Access APIs with Bearer tokens

⭑ Note: Unlike the out of the box security code solution, access and ID tokens require setting up a process on AODocs to whitelist client IDs. This is not currently possible out of the box.

In general, a Bearer token is a piece of data that acts as a permit to operate on resources, passed in the Authorization header of requests.

Two main types of Bearer tokens exist:

  • JWT ID Tokens: these tokens only convey the identity of the user, and are encoded strings in the JWT format
  • OAuth 2.0 Access Token: these tokens have authorization scopes associated with them, and can provide access to Google API resources, like Drive, Gmail, etc.

A user who has access to resources on a resource server tells the authorization server it’s OK for the client app to have the same access. The client app then gets a permit (token) it can present to the resource server with each request.

The main reason to use access or ID tokens (instead of security code) is to provide the client app with secure delegated access to server resources on your behalf. It allows authorizing a client app to access and manipulate server resources within a specific scope/time, and without exposing the user’s credentials to the app.

AODocs API authentication flow

When a client app gets the user to authenticate, Google can generate two types of tokens:

  • an ID token (JWT) without any authorization scope (conveys only identity);
  • an access token with a set of scopes (AODocs requires at least the email address visibility scope — — to authorize a user to perform any operation)

Both types of tokens can be generated in a single authentication request, but only one of them is usually necessary. After this step, the AODocs authentication flow is similar, but with some key differences.

Each request to AODocs APIs must satisfy two requirements: identify the user, and certify that the provided token was generated by Google. Either of the tokens issued by Google is capable of providing this proof, so the client app can choose which token serves its purposes better.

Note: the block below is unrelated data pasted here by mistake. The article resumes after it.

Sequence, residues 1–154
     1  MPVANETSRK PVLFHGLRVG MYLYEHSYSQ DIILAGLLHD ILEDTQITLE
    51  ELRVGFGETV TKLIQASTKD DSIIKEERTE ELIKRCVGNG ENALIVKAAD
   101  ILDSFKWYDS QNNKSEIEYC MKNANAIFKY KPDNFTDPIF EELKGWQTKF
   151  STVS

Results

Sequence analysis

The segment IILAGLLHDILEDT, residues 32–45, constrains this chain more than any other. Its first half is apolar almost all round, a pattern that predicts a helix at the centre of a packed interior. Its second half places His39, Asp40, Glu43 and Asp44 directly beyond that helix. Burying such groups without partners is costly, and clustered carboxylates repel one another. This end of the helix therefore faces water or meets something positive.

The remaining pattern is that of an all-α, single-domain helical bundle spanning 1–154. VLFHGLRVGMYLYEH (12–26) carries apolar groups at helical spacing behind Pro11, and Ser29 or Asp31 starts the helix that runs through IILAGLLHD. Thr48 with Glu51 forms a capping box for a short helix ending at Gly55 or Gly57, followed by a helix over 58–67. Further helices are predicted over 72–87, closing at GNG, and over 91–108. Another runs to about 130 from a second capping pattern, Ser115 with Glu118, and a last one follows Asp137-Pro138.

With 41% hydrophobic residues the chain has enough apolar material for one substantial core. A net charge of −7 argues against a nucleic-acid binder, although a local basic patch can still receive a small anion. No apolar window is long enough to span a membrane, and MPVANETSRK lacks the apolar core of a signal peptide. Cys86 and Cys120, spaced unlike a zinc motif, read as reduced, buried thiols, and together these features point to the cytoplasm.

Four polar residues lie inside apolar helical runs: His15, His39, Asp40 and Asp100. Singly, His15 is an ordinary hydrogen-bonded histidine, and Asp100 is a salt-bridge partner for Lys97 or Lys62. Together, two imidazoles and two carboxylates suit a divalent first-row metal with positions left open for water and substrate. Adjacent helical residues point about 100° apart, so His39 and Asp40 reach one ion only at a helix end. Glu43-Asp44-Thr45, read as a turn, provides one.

💡 Tip: The ID token is sufficient to perform AODocs-only actions. Meanwhile, the access token has the same capability, but additionally allows AODocs to impersonate the user to get access to the Drive scopes required to call Drive APIs.

Get an access or ID token

There are many ways of obtaining an OAuth 2.0 token. Describing all the use cases is beyond the scope of this article. You can read more about Google’s approach on the following Google documentation pages:

Use access or ID token

When you receive tokens from Google, they should look something along the lines of the following.

Sample tokens from Google

  "access_token": "ya29.Il-3B5J8...Fhl3a-yRjpg",
  "id_token": "eyJhbGc8i...AaNVQ"
  "expires_in": 3600,
  "token_type": "Bearer",
  "scope": "openid",
  "refresh_token": "1//04c68...AGAQSNwF-L9Ir2s...M9yc8AqB-u04JncA...68nWovE"

Note: Access tokens usually start with the string ya29., and because they’re opaque (not actual data but pointers to data elsewhere), they’re usually shorter than ID tokens. The latter are longer because they contain actual data, encoded into three pieces: header, claims, and signature.

Once you have obtained a token, you select which token is more appropriate for your use case:

  • access token for AODocs and Drive
  • ID token for just AODocs

You can access AODocs APIs by including one of the tokens as an Authorization HTTP header’s Bearer value:

Authorization: Bearer < access_token | id_token >

Example request with token as header parameter


Authorization: Bearer [YOUR_TOKEN] \
Accept: application/json \
Content-Type: application/json \
  "libraryId": "Rngc1ug8K6WmL3IjZ8"

Token expiration

All Bearer tokens have a built-in expiration. If you requested offline access to token scopes, you can refresh tokens as necessary without having to prompt the user for permission.

Authentication errors with access/ID tokens

Token errors occur only when the token is:

  • missing
  • incorrect
  • expired

All of these result in status code 401: Unauthorized as listed in HTTP status codes and error scenarios.

To create, manage, and troubleshoot your tokens, see the Google Developers OAuth 2.0 Playground.